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Old 12-09-15, 10:12 AM
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Originally Posted by gerv View Post
After reading the article, seems like there is still some room for negotiation. Re-route the lanes a little... and there is support.

I'll admit I'm amazed that people still think you can build more car infrastructure to reduce congestion.
It's understandable that people believe adding lanes will reduce congestion, but very wrong. In almost every case, adding lanes initially eases traffic, but very soon more drivers come to the smoothly flowing street, and before long it's even more congested than it was before the widening. On the other hand, adding bike lanes often reduces congestion. Not all the reasons for this are known, but it has been observed many times.

I don't remember the name of the engineer who first made and tested these observations, but Tom Vanderbilt is an author who has written a lot about it.

How We Drive, the Blog of Tom Vanderbilt?s Traffic
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Old 12-16-15, 08:37 PM
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Originally Posted by kickstart View Post
Don't take it too seriously, every point of view including cyclists has extremists with ulterior motives such as profit, self validation, or to excuse antisocial behavior.

True.
I used to see being an everyday cyclist as counter-cultural.

I realized I might right into the culture just fine.
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Old 12-17-15, 02:02 PM
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Originally Posted by Smallwheels View Post
...the blogger couldn't say two sentences without being bullied and cut off.
Same as when the Blogger is cycling on the city streets. Should have felt right at home.
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Old 12-17-15, 06:05 PM
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Hate talk against the powerless is good for business, Telling the powerless where the powerful are Screwing Them is Not.




By the way the improvements to the pavements were first done for the benefits of Cycling ,

but the Horseless Carriage pushed them off of it and took it over ,

remember only the wealthy could afford to own a car before Henry Ford's Model T.

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Old 12-17-15, 07:00 PM
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There's a tremendous amount of money spent on denying climate science, and the same parties that benefit from climate science denial also benefit from denying the advantages of bicycle infrastructure.
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Old 12-17-15, 09:08 PM
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Originally Posted by tyrion View Post
There's a tremendous amount of money spent on denying climate science, and the same parties that benefit from climate science denial also benefit from denying the advantages of bicycle infrastructure.
Follow the money.
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Old 12-18-15, 12:34 PM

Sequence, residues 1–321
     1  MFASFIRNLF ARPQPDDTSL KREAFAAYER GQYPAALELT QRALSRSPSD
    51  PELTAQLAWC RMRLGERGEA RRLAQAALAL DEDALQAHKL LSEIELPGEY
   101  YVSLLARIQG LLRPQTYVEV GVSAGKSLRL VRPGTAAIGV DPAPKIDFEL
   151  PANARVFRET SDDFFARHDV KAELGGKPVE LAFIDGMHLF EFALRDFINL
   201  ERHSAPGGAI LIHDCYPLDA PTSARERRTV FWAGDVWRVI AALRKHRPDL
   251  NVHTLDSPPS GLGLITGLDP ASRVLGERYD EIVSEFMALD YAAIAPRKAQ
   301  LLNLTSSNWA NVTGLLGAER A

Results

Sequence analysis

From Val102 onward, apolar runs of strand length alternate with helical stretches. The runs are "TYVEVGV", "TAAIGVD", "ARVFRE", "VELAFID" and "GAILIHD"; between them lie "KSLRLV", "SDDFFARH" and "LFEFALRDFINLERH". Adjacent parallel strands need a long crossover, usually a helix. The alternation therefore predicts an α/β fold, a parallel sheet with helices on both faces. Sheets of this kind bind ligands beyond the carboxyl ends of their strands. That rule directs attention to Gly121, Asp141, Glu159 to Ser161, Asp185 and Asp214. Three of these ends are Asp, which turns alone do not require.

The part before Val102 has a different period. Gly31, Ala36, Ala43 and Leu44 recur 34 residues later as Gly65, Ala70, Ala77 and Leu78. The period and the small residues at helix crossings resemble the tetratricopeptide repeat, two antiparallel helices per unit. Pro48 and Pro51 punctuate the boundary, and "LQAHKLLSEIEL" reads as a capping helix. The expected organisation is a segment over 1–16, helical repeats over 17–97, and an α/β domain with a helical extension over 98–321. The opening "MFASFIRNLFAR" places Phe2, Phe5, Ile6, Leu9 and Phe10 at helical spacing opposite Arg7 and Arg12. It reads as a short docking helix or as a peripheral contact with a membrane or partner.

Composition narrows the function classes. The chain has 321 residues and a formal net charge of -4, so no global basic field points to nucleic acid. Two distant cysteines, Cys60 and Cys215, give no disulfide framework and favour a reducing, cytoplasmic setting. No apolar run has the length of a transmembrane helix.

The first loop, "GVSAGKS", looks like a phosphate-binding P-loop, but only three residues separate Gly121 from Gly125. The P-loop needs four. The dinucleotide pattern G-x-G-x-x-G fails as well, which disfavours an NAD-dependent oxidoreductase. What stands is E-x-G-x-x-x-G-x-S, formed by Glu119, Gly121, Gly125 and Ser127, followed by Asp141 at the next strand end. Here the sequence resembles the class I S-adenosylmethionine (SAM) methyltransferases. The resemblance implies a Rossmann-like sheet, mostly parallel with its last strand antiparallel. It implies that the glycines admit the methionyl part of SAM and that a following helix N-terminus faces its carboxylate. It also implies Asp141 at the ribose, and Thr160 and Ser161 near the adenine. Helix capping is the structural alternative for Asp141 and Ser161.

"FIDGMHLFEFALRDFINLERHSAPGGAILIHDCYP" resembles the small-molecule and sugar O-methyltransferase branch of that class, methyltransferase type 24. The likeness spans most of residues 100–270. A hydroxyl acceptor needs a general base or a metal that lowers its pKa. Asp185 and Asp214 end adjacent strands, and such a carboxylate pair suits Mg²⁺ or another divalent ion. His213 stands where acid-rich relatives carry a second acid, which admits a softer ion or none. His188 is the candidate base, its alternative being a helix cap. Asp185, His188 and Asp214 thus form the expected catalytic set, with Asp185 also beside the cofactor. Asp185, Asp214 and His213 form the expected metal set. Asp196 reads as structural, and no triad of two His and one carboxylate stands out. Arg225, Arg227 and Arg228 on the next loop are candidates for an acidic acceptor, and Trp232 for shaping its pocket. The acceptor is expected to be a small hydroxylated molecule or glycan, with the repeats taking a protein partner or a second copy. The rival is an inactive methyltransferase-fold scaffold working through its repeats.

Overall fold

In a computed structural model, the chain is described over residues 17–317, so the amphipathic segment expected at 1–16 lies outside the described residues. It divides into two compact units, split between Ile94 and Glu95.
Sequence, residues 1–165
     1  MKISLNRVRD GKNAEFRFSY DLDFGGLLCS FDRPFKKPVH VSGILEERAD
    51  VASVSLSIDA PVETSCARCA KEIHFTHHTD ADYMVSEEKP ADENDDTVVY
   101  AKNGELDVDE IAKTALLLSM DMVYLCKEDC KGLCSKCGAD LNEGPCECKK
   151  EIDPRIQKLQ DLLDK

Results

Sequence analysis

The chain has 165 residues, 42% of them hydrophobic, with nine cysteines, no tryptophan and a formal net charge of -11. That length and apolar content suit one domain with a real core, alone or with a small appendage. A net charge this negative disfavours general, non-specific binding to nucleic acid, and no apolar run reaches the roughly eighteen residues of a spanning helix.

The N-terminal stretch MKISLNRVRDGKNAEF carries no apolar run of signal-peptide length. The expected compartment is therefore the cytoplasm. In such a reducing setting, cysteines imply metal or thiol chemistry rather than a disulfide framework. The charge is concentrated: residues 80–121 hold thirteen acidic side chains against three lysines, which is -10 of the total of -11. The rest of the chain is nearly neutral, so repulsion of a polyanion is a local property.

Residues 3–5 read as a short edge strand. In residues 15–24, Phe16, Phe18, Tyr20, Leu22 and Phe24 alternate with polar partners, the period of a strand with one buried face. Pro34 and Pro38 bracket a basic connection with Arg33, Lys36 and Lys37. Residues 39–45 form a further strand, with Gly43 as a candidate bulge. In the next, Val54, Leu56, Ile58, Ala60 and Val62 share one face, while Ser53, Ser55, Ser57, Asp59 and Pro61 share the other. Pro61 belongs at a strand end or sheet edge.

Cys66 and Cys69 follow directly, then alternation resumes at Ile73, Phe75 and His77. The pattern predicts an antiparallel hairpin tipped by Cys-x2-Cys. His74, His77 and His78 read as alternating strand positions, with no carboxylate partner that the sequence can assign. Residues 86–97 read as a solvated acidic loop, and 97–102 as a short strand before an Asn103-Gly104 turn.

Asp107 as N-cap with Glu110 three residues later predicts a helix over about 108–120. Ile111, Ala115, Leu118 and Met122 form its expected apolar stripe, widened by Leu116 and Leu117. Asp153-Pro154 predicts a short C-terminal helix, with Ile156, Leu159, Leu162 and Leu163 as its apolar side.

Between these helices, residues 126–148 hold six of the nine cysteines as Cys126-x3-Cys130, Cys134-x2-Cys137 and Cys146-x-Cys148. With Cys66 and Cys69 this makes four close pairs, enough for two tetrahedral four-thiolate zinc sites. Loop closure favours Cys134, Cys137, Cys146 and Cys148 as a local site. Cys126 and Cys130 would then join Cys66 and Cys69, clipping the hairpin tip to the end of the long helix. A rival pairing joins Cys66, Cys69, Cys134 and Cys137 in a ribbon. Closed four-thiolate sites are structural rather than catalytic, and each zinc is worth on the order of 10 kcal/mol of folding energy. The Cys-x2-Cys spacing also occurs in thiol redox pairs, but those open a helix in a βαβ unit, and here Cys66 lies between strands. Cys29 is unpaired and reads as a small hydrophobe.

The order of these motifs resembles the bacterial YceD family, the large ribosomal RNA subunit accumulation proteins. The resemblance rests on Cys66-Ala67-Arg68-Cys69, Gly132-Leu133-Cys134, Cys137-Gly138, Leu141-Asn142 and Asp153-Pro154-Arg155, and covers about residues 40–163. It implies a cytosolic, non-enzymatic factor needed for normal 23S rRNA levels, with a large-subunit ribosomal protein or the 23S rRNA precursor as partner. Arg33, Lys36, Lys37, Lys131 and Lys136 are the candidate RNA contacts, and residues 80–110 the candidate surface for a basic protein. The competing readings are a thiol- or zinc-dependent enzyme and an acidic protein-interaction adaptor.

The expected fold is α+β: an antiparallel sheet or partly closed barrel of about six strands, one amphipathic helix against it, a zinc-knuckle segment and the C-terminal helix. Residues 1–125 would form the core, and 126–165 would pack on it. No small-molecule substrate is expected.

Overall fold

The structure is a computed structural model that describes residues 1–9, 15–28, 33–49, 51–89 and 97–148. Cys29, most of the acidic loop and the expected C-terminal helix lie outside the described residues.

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Thank goodness in Bozeman whenever a road is repaved it's required to put a bike lane in.
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Old 12-18-15, 01:29 PM
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Originally Posted by tyrion View Post
There's a tremendous amount of money spent on denying climate science, and the same parties that benefit from climate science denial also benefit from denying the advantages of bicycle infrastructure.
I'm pretty well known as a strong voice against GHG emissions. But I don't see bike infrastructure as a climate change issue.

For one thing, I doubt if bike lanes will make much real difference in fighting climate change. It's intellectually dishonest, IMO, to sell them as "saving the climate."

For another thing, climate change is a divisive wedge issue in the US. Many people have strong feelings either for or against if. I think that introducing climate change as part of a separate, less controversial issue (such as bike infrastructure). is a strategic mistake. Making the bike lane issue about climate change is just muddying the waters, and making it harder for climate change deniers to support bike infrastructure.

In other words, I think that claiming bike lanes decrease global warming will push people away from support of bike lanes, more than it will pull them in.

Bike lanes are almost always a local investment requiring the support of local people and local politicians. Local business leaders will generally support bike lanes, as they see them as good for the community and, above all, good for business.

That's the best basis for attracting doubters into the bike lane camp:

"Bike lanes are 1) good for business, 2) make traffic flow more smoothly, 3) make the streets safer for kids and adults, drivers and cyclists, and 4) help young and old people have fun right here in our community while getting good exercise. A lot of people will enjoy them while spending money at local stores and restaurants."